Credit: Pixabay/CC0 Public Domain

Japan is considering easing strict coronavirus border restrictions from October to allow more foreign nationals to enter, local media reported Wednesday.

Tourists would still be banned and only longer-term visas approved, the reports said, as the nation looks to rebuild its economy and prepare for the postponed Olympics next year.

Japan currently bans entry for foreigners from most countries, but has been negotiating the gradual resumption of cross-border business travel.

Business visitors are already allowed from seven places—including Thailand, Vietnam and Taiwan.

This limited travel resumption has not resulted in additional virus cases, so the government is now considering letting in eligible visa-holders from all countries, the Asahi Shimbun newspaper reported, citing unnamed government sources.

Several other local media outlets reported similar stories, also citing unnamed sources. Arrivals would be capped at 1,000 per day and the minimum stay would be three months, they said.

An immigration agency official could not confirm the reports, saying only that negotiations on business travel resumption were ongoing with several countries.

Government spokesman Katsunobu Kato told reporters that ministers “will study how to resume accepting new visitors while preventing a resurgence of infections”.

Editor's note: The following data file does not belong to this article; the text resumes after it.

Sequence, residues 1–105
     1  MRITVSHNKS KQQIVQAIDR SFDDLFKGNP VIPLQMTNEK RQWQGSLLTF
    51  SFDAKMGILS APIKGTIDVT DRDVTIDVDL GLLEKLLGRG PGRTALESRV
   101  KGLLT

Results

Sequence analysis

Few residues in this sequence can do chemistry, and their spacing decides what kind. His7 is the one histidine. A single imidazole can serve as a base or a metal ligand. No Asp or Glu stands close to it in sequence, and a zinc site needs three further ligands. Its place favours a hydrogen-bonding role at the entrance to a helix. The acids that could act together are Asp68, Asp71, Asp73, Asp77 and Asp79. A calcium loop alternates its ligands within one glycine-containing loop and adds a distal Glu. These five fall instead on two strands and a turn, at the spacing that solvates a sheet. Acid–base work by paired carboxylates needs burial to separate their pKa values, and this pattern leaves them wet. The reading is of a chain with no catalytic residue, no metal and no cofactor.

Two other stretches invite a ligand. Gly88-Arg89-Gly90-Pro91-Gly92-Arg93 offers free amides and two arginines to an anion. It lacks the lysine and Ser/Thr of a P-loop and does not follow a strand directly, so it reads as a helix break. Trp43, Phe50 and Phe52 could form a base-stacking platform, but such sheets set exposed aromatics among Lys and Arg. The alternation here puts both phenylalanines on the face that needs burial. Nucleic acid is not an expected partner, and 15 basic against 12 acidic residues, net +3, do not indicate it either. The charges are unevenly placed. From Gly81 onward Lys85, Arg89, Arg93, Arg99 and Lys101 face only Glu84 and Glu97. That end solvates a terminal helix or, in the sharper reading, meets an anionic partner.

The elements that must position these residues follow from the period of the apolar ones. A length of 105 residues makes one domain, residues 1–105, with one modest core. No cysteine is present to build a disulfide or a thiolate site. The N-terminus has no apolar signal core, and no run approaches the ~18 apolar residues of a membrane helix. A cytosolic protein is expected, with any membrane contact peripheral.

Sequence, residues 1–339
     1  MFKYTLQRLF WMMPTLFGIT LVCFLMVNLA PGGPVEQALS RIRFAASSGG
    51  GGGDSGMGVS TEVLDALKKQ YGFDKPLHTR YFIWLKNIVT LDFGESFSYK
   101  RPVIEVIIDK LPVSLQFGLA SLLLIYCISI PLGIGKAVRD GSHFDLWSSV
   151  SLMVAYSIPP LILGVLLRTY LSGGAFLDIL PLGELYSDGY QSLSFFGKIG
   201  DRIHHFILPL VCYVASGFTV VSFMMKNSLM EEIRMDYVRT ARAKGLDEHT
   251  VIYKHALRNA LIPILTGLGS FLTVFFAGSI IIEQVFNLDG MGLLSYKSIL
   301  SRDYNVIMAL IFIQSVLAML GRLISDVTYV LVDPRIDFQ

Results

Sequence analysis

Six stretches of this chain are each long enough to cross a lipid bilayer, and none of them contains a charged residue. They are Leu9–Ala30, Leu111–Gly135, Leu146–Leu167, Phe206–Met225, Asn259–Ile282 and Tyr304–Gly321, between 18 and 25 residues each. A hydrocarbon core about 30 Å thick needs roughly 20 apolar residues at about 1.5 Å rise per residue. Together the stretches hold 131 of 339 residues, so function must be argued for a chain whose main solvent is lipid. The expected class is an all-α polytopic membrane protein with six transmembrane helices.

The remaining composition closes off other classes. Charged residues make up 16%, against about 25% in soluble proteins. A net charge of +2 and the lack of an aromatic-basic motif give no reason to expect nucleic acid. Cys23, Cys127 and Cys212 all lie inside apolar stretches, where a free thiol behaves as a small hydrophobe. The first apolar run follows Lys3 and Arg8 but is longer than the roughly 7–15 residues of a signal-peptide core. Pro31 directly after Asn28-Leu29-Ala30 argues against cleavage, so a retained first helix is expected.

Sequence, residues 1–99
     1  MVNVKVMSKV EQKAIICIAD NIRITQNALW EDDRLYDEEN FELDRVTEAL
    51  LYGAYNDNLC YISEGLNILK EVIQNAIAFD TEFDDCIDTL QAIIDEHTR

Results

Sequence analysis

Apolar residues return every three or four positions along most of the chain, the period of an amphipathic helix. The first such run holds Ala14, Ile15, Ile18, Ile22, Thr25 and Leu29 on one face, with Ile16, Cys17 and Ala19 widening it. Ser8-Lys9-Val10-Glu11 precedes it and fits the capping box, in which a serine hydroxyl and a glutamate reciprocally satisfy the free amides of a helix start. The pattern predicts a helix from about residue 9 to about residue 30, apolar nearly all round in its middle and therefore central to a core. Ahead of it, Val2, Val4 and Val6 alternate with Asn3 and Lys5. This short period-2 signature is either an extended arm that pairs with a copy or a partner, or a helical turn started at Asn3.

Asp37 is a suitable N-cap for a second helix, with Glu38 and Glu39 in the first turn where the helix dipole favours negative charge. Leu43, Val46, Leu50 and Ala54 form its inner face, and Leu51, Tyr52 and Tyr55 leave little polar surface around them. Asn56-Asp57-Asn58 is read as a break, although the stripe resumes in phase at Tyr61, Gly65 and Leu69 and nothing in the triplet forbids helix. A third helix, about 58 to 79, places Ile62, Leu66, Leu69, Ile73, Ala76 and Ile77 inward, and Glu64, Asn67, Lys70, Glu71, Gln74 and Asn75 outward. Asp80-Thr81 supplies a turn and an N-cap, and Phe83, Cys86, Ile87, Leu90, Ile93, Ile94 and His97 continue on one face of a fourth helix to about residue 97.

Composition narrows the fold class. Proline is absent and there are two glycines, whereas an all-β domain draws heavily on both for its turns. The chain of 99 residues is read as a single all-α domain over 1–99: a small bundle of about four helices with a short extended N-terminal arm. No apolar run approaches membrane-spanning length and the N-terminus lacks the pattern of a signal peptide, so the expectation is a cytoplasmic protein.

“We will deal carefully with the issue while keeping an eye on the virus situation,” he added.

With the postponed Olympics due to open in July, discussions are also ongoing about how to handle the arrival and movements of athletes and spectators.


Follow the latest news on the coronavirus (COVID-19) outbreak


© 2020 AFP

Citation:
Japan may ease virus entry restrictions next month: reports (2020, September 23)
retrieved 23 September 2020
from https://medicalxpress.com/news/2020-09-japan-ease-virus-entry-restrictions.html

This document is subject to copyright. Apart from any fair dealing for the purpose of private study or research, no
part may be reproduced without the written permission. The content is provided for information purposes only.





View Original Publication